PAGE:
Shark: Anatomy Of A Predator

Written by Yuliia Kliusa
04/11/2021 12:47:31 en Marine life | 0 comments

When hearing the word shark, we are presented with a very specific image in the mind. We have all seen images on television. Many of us have seen their corpses out of the water and a lucky few have seen them alive. in their own habitat. But despite having a clear representative image. the shark is still a completely unknown animal to most of us.

The first thing we should know is that sharks are part of the group of "elasmobranchs" (sharks, tope sharks and rays) or "cartilaginous fish". These differ from bony fish for several reasons:

Obviously. Because your skeleton is not made up of bones but cartilage. Like sharks they don't have ribs. They have powerful muscles strongly attached to the skin. These. next to the fusiform shape of its body. they give them the characteristic strength that allows them to reach such high speeds in their displacements.

Secondly. because their gills form openings and not gills. Through them passes the water that carries oxygen and. for this reason. sharks have to be in continuous motion. to ensure that water does not stop circulating through their gills and thus avoid dying of suffocation. However. Scientists are still studying the possible causes that allow some species of sharks to enter a state of torpor or "sleep."

In addition. because its body is covered with dermal denticles and not with scales. By gently stroking its fur from head to tail, you can feel the tiny, rough teeth that cover it. This thick skin protects them from the frigid atmosphere of the depths. However. although sharks are generally ectothermic (cold-blooded) animals. the five species of the family Lamnidae have the incredible ability to adapt their body temperature to the outside. retaining the heat produced by their muscles and thus raising their temperature up to 25 degrees more.

Finally. Because they do not have a swim bladder. Sharks control their buoyancy thanks to their liver, which is full of low-density oil, and the lightness of their cartilaginous skeleton. Some species of shark. such as the Bull Shark (Carcharias Taurus). they can even swallow air into their stomach to regulate their buoyancy.

You also have to know how to distinguish a male from a female. It couldn't be easier. The males have two prominent organs called claspers. which are an appendage of the pelvic fins and are located on the inside. Insemination is produced by inserting a clasper inside the female's orifice that has the unfortunate name of "cloaca". During copulation, the male bites a pectoral fin of the female to cling to it and maintain the same orientation of the clasper inside the cloaca. This is usually a fairly aggressive act after which the female is left exhausted and full of wounds all over her body.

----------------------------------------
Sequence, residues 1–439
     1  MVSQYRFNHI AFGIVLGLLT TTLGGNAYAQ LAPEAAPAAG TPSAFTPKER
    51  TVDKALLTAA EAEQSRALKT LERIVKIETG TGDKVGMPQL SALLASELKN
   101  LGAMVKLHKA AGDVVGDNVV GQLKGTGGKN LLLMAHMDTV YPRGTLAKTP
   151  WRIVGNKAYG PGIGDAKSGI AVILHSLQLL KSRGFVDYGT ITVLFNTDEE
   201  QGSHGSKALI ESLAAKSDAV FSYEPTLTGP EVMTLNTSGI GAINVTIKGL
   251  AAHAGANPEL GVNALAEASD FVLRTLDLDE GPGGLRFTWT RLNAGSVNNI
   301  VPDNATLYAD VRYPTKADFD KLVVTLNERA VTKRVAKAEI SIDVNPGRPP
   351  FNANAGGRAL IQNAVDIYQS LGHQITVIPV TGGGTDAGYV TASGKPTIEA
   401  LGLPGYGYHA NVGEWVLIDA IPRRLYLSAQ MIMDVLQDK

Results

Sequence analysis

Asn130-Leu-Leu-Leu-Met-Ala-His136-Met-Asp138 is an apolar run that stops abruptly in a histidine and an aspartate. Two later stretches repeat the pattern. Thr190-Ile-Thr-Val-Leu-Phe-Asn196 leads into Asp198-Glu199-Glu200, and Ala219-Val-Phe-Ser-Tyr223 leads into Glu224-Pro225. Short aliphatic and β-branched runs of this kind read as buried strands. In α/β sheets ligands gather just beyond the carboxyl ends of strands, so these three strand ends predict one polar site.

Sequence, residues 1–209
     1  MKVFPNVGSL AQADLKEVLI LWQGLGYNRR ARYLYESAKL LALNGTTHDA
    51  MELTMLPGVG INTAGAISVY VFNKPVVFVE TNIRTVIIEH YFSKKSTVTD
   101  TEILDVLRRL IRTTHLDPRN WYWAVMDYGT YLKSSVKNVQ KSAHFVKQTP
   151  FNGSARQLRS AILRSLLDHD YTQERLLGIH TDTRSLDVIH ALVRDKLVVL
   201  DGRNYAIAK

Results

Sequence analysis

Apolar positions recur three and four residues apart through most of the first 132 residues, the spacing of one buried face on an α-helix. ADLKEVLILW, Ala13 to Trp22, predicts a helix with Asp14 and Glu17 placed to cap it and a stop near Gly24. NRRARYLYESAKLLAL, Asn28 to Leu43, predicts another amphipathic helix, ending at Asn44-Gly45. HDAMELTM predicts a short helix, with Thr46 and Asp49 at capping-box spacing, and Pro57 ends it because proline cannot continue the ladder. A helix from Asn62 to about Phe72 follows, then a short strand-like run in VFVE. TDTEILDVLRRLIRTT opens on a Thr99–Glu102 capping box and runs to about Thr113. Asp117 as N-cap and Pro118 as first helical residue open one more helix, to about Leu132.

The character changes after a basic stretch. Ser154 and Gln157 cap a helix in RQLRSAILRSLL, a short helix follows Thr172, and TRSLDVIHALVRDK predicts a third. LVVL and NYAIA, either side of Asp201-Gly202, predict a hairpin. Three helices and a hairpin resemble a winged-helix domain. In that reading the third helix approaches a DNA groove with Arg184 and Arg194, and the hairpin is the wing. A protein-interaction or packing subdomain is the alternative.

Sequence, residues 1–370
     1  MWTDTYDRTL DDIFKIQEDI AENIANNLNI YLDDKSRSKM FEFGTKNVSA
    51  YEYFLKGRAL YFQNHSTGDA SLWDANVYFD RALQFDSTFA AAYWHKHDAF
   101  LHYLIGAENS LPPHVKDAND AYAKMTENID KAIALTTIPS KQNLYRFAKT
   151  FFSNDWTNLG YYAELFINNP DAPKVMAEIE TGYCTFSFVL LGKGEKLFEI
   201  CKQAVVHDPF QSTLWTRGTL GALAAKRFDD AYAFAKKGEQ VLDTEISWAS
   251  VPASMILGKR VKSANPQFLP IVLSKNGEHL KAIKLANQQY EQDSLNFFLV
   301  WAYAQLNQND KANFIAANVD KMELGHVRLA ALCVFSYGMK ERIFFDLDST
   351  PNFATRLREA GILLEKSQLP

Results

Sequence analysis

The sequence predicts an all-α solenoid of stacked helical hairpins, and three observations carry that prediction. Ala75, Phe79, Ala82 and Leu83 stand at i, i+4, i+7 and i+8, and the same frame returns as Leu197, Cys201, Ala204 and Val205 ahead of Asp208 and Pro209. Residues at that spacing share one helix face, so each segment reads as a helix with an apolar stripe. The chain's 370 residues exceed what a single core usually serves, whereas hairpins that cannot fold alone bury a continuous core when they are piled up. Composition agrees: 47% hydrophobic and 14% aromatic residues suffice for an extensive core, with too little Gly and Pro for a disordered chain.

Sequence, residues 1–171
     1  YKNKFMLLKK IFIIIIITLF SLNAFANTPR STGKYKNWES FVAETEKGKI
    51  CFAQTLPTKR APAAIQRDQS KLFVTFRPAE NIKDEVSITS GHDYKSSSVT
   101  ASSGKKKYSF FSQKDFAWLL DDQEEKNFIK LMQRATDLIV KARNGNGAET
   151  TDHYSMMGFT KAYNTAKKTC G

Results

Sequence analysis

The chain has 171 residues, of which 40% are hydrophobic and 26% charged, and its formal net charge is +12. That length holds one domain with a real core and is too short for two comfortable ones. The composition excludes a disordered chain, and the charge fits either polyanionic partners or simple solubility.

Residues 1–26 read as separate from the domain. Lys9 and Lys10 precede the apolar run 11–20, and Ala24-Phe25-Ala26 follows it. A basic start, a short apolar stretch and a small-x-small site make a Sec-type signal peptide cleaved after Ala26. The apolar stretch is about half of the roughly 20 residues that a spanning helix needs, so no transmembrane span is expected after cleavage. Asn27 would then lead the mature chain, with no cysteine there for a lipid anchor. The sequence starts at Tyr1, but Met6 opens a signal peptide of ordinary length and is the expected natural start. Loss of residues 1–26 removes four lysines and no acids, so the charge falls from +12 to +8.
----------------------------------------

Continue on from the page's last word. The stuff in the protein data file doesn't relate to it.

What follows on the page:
Shark gestation lasts an average of 12 months. although in some species it lasts up to 22 months. Fortunately. sharks are born fully developed. being at his birth. adult miniature sharks. Shark reproduction is distinguished into three types of development:

Oviparous: the female. after fertilization. gives birth to eggs wrapped in a shell that hardens on contact with water and whose shape and color allows it to hide under cover of predators. in the sand or among the seaweed. holding onto tendrils.

Ovoviviparous: Eggs incubate and hatch in the female's abdomen. nourishing themselves inside until they are autonomous. During this time. the embryos of some species suffer intrauterine cannibalism (the weakest will be eaten by their brothers before being born).

Viviparous: this is undoubtedly the most developed method of reproduction. Fetuses remain directly connected to the maternal body until the moment of birth. as it happens in the vast majority of the most evolved animals (among which is man).

to finish. One last curiosity about the shark is that it has several teeth throughout its life. Embedded in the gum (and not attached to the jaw) the first visible row of teeth is behind another 4 or 5 rows of teeth ready to replace them when necessary. So. when a shark loses a tooth approximately every two weeks for juveniles and every two months for adults. a substitute tooth is moved to its new position.


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